The FINANCIAL — The Gallup Good Jobs (GGJ) rate in the U.S. was 45.7% in November, down from 46.4% in October. However, the November estimate is nearly a full percentage point higher than the 44.9% recorded in November 2015 and is higher than any GGJ rate recorded for the month of November since Gallup began tracking this measure in 2010.
The slight dip in the GGJ rate from October to November is in line with normal seasonal patterns. GGJ typically peaks in June and July with summer employment and then drops in the fall, with a limited uptick in October. The current GGJ rate is below the record high of 47.1% reached in July 2016, according to Gallup.
The latest results are based on Gallup Daily tracking interviews with 27,403 U.S. adults, conducted Nov. 1-29 by landline telephone and cellphone. The GGJ metric tracks the percentage of U.S. adults, aged 18 and older, who work for an employer full time — at least 30 hours per week. Gallup does not count adults who are self-employed, who work fewer than 30 hours per week, who are unemployed or who are out of the workforce as payroll-employed in the GGJ metric. The Gallup Good Jobs metric does not take into account factors such as job satisfaction or salary level, and solely reflects full-time employment for an employer. GGJ is not seasonally adjusted.
Gallup first measured the GGJ rate in January 2010, a time of high unemployment (10.9%). At that point, 42.5% of Americans were employed full time by an employer. GGJ fell to a low of 41.7% in February 2011 but then improved over the next few months. Before this year, the previous high was 45.7% in October 2012.
Since January 2010, GGJ has generally trended upward. The exception was November 2012 to April 2014, when the measure registered year-over-year decreases. Since May 2014, the GGJ rate has once again registered year-over-year increases almost every month.
Workforce Participation Falls to 67.5% in November
The percentage of U.S. adults who participated in the workforce in November in any capacity — by working full time, working part time, or not working but actively seeking and being available for work — was 67.5%, down almost a full point from 68.4% in October and even with September.
Unemployment Rate Is 4.9%, Lowest in Gallup Trend
Gallup’s unadjusted U.S. unemployment rate in November was 4.9%, edging down from 5.1% in October and the lowest reading since Gallup began tracking it in 2010.
Gallup’s U.S. unemployment rate represents the percentage of adults in the workforce who did not have any paid work in the past seven days, either for an employer or for themselves, and who were actively looking for and available to work.
Unlike the Gallup Good Jobs rate, which is a percentage of the total population, the unemployment rates that Gallup and the U.S. Bureau of Labor Statistics (BLS) report are percentages of the labor force, defined as those who are working or seeking work. While both Gallup and BLS data are based on surveys with large sample sizes, the two have important methodological differences outlined at the end of this article. Additionally, the unemployment rate released by the BLS each month is seasonally adjusted, while Gallup reports unadjusted numbers. Although Gallup’s unemployment numbers strongly correlate with BLS rates, the BLS and Gallup estimates of unemployment do not always track precisely on a monthly basis.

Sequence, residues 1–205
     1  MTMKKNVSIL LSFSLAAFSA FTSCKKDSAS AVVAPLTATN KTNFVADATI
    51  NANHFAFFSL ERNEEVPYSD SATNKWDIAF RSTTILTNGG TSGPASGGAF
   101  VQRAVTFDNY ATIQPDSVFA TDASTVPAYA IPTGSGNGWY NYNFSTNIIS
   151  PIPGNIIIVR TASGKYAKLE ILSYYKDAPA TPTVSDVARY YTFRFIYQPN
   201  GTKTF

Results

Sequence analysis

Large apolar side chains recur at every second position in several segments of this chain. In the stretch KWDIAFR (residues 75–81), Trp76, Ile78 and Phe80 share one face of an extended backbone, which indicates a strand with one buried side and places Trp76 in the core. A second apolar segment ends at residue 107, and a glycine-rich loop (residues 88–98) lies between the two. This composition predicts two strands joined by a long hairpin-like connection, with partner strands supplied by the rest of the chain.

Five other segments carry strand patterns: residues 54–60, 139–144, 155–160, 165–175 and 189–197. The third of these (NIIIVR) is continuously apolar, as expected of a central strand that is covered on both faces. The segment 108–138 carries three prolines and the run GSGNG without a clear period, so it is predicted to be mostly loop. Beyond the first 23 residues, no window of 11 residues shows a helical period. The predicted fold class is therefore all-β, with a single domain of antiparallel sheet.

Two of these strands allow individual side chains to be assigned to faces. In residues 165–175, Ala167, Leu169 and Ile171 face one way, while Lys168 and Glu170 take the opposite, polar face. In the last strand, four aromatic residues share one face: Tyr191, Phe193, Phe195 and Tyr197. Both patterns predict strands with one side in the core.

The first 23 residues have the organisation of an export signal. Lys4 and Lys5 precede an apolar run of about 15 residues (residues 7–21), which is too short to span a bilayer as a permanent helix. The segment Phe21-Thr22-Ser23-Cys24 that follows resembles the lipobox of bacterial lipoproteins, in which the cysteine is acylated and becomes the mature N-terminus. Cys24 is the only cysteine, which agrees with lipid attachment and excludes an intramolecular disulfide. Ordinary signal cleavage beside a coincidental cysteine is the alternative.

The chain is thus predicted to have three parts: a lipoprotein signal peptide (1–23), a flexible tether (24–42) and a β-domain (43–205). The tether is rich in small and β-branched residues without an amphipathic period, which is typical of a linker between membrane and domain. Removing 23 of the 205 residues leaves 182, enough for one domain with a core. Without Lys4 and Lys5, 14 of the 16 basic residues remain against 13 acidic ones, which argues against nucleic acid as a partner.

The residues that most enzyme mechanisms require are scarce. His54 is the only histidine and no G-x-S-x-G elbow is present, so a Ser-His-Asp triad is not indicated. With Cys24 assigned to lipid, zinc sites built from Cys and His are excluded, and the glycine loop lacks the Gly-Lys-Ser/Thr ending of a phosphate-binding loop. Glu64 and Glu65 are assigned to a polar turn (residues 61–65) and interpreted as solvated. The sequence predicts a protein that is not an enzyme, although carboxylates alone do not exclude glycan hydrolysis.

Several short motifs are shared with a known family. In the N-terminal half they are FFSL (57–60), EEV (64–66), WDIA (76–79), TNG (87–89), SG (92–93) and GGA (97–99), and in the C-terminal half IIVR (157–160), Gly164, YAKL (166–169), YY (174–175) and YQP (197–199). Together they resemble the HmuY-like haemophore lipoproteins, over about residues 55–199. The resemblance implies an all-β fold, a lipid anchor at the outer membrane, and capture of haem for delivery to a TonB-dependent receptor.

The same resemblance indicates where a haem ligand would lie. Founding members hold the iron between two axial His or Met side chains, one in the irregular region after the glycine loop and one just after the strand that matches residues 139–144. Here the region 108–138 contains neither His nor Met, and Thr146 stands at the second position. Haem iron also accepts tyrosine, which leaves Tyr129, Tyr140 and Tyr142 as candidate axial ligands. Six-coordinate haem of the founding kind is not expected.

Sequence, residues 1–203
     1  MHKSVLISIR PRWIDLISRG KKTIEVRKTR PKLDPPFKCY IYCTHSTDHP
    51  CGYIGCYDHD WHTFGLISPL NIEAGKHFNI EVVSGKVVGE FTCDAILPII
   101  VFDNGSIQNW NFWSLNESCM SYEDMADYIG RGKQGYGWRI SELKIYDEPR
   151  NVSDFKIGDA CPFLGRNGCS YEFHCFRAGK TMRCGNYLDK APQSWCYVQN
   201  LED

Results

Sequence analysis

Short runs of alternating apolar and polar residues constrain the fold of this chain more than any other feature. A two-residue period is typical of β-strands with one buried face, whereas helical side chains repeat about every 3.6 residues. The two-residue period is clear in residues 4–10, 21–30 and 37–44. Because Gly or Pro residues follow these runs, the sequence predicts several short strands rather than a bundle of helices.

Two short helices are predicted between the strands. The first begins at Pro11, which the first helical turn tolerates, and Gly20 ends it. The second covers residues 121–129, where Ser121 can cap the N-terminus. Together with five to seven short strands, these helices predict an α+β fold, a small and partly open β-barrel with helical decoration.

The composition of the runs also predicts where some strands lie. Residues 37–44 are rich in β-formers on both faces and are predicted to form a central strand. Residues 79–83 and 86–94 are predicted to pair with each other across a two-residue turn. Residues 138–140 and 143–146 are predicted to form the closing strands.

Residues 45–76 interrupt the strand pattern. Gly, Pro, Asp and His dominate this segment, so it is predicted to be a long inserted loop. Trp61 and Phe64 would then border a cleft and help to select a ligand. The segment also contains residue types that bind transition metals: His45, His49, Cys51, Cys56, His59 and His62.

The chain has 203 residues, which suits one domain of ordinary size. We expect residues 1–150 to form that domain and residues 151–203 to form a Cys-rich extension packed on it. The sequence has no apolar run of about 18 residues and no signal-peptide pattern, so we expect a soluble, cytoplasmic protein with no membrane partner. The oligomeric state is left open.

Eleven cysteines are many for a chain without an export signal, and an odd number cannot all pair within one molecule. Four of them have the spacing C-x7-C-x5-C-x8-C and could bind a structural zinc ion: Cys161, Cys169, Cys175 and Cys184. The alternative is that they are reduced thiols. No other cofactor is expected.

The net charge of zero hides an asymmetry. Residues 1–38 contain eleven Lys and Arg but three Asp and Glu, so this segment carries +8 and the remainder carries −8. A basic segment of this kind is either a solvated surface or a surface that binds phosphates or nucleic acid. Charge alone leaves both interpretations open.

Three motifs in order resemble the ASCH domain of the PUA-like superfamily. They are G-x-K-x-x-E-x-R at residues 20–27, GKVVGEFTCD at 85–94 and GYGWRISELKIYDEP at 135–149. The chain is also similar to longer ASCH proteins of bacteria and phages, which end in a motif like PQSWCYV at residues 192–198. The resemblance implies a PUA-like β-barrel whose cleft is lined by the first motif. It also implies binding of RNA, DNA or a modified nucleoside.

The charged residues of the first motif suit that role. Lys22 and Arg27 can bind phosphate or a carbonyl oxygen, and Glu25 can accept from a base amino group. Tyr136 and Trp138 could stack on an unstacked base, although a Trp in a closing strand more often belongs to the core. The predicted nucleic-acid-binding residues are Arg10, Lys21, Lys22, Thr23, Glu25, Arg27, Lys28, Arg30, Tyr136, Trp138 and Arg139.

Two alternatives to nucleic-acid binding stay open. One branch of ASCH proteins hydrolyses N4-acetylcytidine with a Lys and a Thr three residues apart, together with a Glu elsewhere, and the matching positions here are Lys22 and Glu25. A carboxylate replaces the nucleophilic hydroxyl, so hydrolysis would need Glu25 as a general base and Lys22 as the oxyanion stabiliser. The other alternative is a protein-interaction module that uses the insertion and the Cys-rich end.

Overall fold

Underemployment Rises to 13.2%
Gallup’s measure of underemployment in November was 13.2%, up nominally from 12.7% in October. Gallup’s U.S. underemployment rate combines the percentage of adults in the workforce who are unemployed (4.9%) with those who are working part time but desire full-time work (8.3%).
Despite a 0.2-point drop in unemployment, involuntary part-time work increased by 0.7 points, driving the underemployment figure up. Underemployment was roughly 20% when Gallup started measuring it in January 2010.
The Gallup Good Jobs rate in November 2016 was the highest in any November since Gallup began tracking it in 2010. At the same time, the unemployment rate was the lowest of any month in Gallup’s trend. These achievements fit with the trend seen over the last 12 months, whereby the GGJ rate has hit a new high each month since November 2015 compared with the same month in Gallup’s trend. That included the high point across all months of 47.1% in July.
More broadly, full-time employment for an employer generally has grown year over year since May 2014, following a year and a half of mostly negative growth. Workforce participation declined in November but overall has trended upward since early 2014. Unemployment has slowly declined, though the decline in November was driven in part by the decline in workforce participation and not by an increase in those finding work.
Taken together, these trends demonstrate strength in the U.S. labor market. Even so, after the 2012 presidential election, year-over-year growth in the GGJ rate ended and languished for upward of a year. The drop this year from October to November is in line with both the last presidential election year’s pattern and annual seasonal patterns, so the coming months will show whether 2016 repeats or defies that history.